On The Road
Watch as Mercedes-Benz restoration specialist Mr J G Francis puts a 1973 250C Coupé through its paces in the California desert.
About a two-and-a-half-hour drive east of Los Angeles along the Twentynine Palms Highway, a tiny intersection states your arrival at the town of Joshua Tree, population 7,414. Sharing a name with the unusual Yuccas that punctuate the rocky desert skyline, the town and its highly Instagram-able neighbouring National Park are about as close to a road- (and other) trippers’ paradise as they come.
In a rare morning fog you’d be forgiven for mistaking these 10ft trees for lost hikers roaming the plains. For Mr J G Francis, founder and owner of classic restoration specialist Mercedes Motoring, they signal the passage to a very unique set of dirt roads he has been driving regularly ever since he first knew how.
Specialising in renovating low-mileage diesel models produced between 1968 and 1985 back to their original factory condition, Mr Francis has managed that enviable feat of evolving a hobby into a career. Finding near-perfect specimens worth the timely investment isn’t easy – but find them he does, whether behind the doors of long-forgotten barns or via slightly less romantic channels, such as online car forum listings or eBay. Once fully renovated, rather than spend the rest of their days behind showroom glass or under cover in a look-don’t-touch garage, they get back on the road. “Our cars are meant to be driven, not just sit looking pretty,” explains Mr Francis when we meet at his headquarters in the LA suburb of Glendale, California. “I’m not that big in the car scene because a lot of those cars aren’t put to use, and I’ve never connected with that side of the industry.”
"I always take the back roads, I avoid the Interstate at all costs"
Classics are not exactly known to be perfect run-about material, but driveability and raw craftsmanship is, in fact, what makes these majestic survivors so special to Mr Francis. As such he puts many of them to the test by taking them on a road trip or two of his own. “I always take the back roads,” he explains with a smile. “I avoid the Interstate at all costs. It’s all just Walmarts, Chilis and Targets anyway.” Early years spent growing up in Nevada (where he lived next to a Mercedes-obsessed car mechanic; “That’s where it all started”) makes the desert a place he often seeks out on such solo drive adventures.
So what was it about classic Mercedes cars from that era that saw him choose to sit behind a wheel instead of a desk, or as he describes it, his decision to “become a corporate drop-out”? “Working with my hands every day is really therapeutic,” explains Mr Francis. “You can get lost in the moment, you can focus on the task in hand, but your mind can drift off into other parts of your life. I find it relaxing in an odd kind of way.”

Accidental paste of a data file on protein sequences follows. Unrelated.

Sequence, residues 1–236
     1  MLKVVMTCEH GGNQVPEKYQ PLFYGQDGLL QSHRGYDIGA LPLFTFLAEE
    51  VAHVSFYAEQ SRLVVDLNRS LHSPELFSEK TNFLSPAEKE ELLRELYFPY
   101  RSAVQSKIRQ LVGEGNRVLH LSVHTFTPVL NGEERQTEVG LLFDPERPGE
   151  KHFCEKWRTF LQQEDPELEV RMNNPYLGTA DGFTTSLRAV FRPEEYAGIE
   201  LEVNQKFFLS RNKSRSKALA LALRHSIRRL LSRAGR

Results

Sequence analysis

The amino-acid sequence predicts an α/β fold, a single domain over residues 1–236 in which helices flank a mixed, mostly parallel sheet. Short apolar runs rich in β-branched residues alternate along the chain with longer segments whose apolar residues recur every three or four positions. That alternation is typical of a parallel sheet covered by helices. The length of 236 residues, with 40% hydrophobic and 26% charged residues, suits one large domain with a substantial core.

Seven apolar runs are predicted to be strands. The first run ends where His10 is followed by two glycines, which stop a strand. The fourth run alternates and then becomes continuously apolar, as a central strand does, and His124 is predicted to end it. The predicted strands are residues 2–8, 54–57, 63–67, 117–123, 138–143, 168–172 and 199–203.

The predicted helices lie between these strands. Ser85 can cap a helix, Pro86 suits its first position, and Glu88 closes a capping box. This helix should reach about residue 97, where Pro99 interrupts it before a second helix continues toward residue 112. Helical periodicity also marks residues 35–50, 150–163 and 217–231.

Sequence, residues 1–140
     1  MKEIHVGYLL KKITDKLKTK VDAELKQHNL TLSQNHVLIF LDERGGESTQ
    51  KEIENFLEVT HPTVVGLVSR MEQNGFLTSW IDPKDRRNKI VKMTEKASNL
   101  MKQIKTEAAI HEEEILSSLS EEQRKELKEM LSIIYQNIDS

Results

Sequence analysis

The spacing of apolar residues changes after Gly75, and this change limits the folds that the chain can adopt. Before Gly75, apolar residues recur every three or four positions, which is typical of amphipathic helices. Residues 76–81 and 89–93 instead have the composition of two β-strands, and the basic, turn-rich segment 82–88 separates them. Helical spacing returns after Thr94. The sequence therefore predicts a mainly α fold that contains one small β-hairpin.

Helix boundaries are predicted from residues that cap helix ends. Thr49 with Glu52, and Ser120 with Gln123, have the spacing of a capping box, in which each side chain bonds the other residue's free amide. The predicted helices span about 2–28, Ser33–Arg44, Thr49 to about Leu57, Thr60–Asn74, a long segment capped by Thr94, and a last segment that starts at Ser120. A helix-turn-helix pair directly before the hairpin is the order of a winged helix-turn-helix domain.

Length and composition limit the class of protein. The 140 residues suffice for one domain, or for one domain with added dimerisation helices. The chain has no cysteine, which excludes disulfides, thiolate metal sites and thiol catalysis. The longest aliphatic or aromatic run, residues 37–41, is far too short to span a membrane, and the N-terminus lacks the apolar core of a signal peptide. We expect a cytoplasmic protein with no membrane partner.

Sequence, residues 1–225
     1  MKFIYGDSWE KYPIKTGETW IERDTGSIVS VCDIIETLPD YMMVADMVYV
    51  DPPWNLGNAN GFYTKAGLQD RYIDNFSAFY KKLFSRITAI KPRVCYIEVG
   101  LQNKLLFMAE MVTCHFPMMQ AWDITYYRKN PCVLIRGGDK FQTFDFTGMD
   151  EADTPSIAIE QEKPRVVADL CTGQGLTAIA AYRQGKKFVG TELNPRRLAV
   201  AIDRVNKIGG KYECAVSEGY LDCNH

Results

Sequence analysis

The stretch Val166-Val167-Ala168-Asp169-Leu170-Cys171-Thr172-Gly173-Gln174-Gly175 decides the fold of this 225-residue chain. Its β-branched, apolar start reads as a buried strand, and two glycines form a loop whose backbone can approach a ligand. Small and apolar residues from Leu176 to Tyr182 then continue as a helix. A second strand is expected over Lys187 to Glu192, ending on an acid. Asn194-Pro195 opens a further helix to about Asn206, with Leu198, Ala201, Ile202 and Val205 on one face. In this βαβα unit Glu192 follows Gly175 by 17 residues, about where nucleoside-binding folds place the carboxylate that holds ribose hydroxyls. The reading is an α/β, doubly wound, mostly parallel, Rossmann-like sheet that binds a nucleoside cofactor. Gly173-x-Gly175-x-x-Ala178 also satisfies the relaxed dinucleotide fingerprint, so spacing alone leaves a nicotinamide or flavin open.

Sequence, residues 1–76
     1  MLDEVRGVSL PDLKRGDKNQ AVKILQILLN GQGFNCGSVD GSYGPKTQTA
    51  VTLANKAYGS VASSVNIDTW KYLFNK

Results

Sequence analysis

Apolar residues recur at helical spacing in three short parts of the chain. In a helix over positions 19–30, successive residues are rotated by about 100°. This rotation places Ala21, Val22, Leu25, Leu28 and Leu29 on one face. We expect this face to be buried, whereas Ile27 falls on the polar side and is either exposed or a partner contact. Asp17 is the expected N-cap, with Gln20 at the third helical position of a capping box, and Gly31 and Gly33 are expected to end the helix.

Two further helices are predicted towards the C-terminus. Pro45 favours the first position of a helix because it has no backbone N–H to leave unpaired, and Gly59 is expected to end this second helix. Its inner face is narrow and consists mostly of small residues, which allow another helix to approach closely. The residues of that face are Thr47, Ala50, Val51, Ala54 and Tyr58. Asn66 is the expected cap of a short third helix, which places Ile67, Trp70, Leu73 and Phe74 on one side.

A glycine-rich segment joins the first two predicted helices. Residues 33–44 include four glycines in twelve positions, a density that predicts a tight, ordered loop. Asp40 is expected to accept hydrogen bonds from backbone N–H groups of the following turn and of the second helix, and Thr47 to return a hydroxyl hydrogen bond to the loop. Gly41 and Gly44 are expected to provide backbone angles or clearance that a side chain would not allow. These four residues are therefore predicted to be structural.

The perfect pit-stop: a wind farm at the edge of the Mojave Desert Elizabeth Brissenden
Walking around his garage certainly helps put his unusual career move into perspective. “There’s a sense of design and durability that lies in things that are vintage, which, sadly, we don’t have any more,” he explains as we take a look at a grand old 1962 Mercedes-Benz 300D Adenauer he is currently working on. “I also love the colour palettes of cars from the late 1960s and 1970s; Colorado Beige, Apricot Orange, Pastel Blue – it’s hard to find that in modern cars. They defined the era.”
"I’m a car builder now. That's what I love most about the job but, sure, having famous people drive our cars doesn’t do us any harm"
Ten years on and business is ticking over nicely. While familiar show biz faces might be lost on Mr Francis (rather charmingly, he barely recognises anyone, relying on his team to point out the well-known to the lesser-so; “Er, that was Eva Mendes, J G – didn’t you recognise her?”) he’s just happy for his projects to find a good home. “I’m a car builder now. That’s what I love most about the job but, sure, having famous people drive our cars doesn’t do us any harm”.
A rare 1962 Mercedes-Benz 300D Adenauer sits proudly in Mr Francis' Glendale HQ Elizabeth Brissenden
His current car and co-star of our second On the Road film in collaboration with Belstaff is a 1973 Mercedes-Benz 250C Coupé in a rather lovely shade of avocado green. It’s one of seven he currently owns, but is clearly his favourite. “I’ll never sell it. I’ve been offered crazy money for it but it’s by far the most beautiful car I’ve ever owned,” he says.
MR FRANCIS’ MOTORING TIMELINE
**The current model:1973 Mercedes-Benz 250C Coupé – green exterior with parchment interior
**“I purchased this European model from the second owner in North Carolina. It’s an extremely rare colour and options configuration. A European model, only 64,000 documented miles since new and lowered on ultra-rare 15in steel wheels and hubcaps. Nearly 100% original down to the paint.”
1960 Chevrolet Bel Air
“I bought this two-door hardtop in 1993 when I was 19 years old and was living in my hometown of Las Vegas, Nevada. If I remember correctly I paid $4,500 for it, which at the time seemed like $45,000. I’m a real sucker for coupes, and this love definitely began when I bought my Bel Air.”
1957 Volkswagen 23-window microbus
“Bought in 1994 while at university in Austin, Texas. I paid a mere $3,400 for it. If I owned it today it would be worth 20 times that amount. I sold this little nest egg in 2003 to a gentleman in London, and used the proceeds to start Mercedes Motoring – so it still means a lot to me.”
What Mr Francis Is Wearing
Film by Mr Cale Glendening